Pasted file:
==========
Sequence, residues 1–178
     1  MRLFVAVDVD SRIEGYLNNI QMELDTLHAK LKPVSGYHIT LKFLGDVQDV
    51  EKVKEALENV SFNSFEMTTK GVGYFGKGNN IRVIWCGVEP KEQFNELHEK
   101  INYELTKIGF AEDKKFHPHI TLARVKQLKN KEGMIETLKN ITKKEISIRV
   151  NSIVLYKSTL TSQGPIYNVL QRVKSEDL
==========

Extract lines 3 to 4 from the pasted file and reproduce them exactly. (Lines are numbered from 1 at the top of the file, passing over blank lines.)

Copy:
    51  EKVKEALENV SFNSFEMTTK GVGYFGKGNN IRVIWCGVEP KEQFNELHEK
   101  INYELTKIGF AEDKKFHPHI TLARVKQLKN KEGMIETLKN ITKKEISIRV